November 2008 Issue • Volume 36 • Issue 8

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A Festschrift in Honor of Pearlin Looks to the Future of the Stress Process Paradigm

For more than 50 years, Leonard I. Pearlin has contributed significantly to sociological research and theory on issues central to the sociology of mental health, medical sociology, the sociology of aging and the life course, and social psychology. He is internationally regarded as a leader in the field and as a strong advocate for the importance of sociological research. In recognition of Pearlin’s remarkable career and legacy, his friends, colleagues, and students participated in a Festschrift to honor him.

The Festschrift was held in Boston on July 31, 2008, prior to the 2008 ASA Annual Meeting. The one-day event was organized by Carol S. Aneshensel (UCLA), William R. Avison (University of Western Ontario), Scott Schieman (University of Toronto), and Blair Wheaton (University of Toronto). In addition to the 14 sociologists who presented papers at the Festschrift, there were well over 50 attendees at the event.

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Success of Women
with Children in Sociology

by Nicole Van Vooren and Roberta Spalter-Roth, ASA Research and Development Department

Research from the ASA finds no statistically significant difference between sociologists with children and their childless peers in terms of productivity. Data from ASA’s most recent analysis of sociology PhD recipients’ responses to a longitudinal survey reveal no significant differences between mothers and fathers and childless men and childless women in terms of scholarly productivity and career trajectories. These findings—from a cohort who received their PhDs between June 1996 and August 1997—are based on responses by those employed in institutions of higher education, though not necessarily faculty members, to the most recent wave of the longitudinal survey (the PhD+10). The survey was supported in part by the Alfred P. Sloan Foundation.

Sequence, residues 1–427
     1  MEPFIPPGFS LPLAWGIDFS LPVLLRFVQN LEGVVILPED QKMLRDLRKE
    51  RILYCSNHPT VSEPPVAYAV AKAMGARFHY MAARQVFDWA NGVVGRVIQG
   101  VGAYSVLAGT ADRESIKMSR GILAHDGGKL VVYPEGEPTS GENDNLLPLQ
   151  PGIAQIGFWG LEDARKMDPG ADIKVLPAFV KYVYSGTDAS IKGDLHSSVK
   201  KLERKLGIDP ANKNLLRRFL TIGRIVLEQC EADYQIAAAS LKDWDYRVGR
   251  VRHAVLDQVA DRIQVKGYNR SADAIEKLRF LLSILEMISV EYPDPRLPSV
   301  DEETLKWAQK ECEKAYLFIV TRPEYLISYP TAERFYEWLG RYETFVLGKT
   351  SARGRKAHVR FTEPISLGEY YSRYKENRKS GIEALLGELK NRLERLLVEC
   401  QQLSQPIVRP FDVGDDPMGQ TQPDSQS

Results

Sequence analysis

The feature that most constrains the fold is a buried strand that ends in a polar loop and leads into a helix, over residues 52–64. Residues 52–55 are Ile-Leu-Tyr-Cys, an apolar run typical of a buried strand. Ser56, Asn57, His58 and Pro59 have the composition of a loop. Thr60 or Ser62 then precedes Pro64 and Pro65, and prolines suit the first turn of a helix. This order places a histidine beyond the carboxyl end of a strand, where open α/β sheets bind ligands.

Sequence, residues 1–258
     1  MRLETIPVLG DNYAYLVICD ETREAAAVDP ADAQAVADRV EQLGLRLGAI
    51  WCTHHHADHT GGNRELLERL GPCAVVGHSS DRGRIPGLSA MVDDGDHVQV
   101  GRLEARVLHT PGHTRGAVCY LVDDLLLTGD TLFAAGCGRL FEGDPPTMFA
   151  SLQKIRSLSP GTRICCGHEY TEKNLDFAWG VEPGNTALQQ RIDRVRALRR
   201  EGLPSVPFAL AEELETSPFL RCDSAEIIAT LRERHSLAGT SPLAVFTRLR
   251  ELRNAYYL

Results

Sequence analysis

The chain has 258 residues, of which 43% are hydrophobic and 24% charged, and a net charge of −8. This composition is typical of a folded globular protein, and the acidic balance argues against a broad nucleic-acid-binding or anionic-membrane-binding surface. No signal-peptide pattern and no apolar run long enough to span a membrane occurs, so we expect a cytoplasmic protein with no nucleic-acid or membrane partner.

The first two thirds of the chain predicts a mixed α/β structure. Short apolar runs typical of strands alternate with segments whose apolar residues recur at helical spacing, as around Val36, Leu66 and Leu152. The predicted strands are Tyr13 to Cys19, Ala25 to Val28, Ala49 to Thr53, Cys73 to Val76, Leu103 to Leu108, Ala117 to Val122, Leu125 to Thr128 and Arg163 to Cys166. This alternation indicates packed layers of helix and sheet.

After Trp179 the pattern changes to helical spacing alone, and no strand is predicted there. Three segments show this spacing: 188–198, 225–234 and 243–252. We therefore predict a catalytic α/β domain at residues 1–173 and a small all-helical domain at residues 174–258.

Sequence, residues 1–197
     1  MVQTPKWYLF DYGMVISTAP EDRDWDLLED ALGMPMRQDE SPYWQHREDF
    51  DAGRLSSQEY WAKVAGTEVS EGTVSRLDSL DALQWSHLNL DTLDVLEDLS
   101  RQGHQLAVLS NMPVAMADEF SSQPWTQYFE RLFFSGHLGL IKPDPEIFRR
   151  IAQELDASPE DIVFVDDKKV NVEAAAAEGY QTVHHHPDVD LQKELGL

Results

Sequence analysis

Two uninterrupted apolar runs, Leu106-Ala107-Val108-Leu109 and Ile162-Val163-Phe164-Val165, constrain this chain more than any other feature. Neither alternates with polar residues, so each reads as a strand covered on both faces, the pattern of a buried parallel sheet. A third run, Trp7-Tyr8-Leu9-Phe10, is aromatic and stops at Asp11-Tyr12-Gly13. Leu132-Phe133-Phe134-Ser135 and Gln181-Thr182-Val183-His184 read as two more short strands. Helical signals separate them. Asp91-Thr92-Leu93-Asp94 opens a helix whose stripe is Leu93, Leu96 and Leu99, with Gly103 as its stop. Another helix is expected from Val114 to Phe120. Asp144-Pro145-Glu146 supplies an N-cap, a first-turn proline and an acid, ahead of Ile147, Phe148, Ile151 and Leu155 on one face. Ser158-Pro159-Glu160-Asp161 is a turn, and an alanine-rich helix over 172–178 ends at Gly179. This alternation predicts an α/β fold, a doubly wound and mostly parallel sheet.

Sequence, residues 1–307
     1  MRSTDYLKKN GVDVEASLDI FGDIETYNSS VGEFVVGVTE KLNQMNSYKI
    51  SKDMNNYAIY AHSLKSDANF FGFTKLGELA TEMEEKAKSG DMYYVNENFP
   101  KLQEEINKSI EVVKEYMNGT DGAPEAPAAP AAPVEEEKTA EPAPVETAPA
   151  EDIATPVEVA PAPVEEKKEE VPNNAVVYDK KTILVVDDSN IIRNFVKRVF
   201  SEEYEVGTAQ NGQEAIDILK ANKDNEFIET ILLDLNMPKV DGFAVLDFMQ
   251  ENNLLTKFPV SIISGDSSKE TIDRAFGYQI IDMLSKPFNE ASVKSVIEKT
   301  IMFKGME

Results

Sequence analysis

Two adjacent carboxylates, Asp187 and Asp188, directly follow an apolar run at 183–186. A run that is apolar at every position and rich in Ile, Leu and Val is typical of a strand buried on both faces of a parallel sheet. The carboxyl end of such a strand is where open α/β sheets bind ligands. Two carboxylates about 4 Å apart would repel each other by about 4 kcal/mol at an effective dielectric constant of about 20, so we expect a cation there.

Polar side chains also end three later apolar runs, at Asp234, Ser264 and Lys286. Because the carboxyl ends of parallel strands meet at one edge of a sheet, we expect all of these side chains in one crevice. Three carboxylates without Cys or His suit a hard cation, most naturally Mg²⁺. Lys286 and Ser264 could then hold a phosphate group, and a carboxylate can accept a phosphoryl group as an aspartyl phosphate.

Mothers (and many fathers) responding to closed-ended survey questions describe the conflicting demands of the two "greedy institutions" (academic life and family life) difficult to juggle. Yet, the survey’s quantitative data show that they have done so fairly successfully. This is in contrast to prior research, such as by Mary Ann Mason and Marc Goulden (2004), that found that academic women with children fall behind men in terms of career trajectories and productivity. The survey findings are based on responses by 50 percent of the original cohort (435 respondents) with women more likely to respond than men. Those who have continued to respond to the survey since it began (1998) may be the more successful members of the cohort and thus results may be biased in an upward direction.

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Major ASA Award Recipients Honored in Boston

The American Sociological Association (ASA) presented the 2008 major awards at this year’s Annual Meeting on August 2 in Boston. The Awards Ceremony, which was followed by the Presidential Address, was well attended. These awards are given to sociologists for their outstanding publications, achievements in the scholarship, teaching, and practice of sociology, as well as for their overall advancement of the discipline. Following is the list of awardees.

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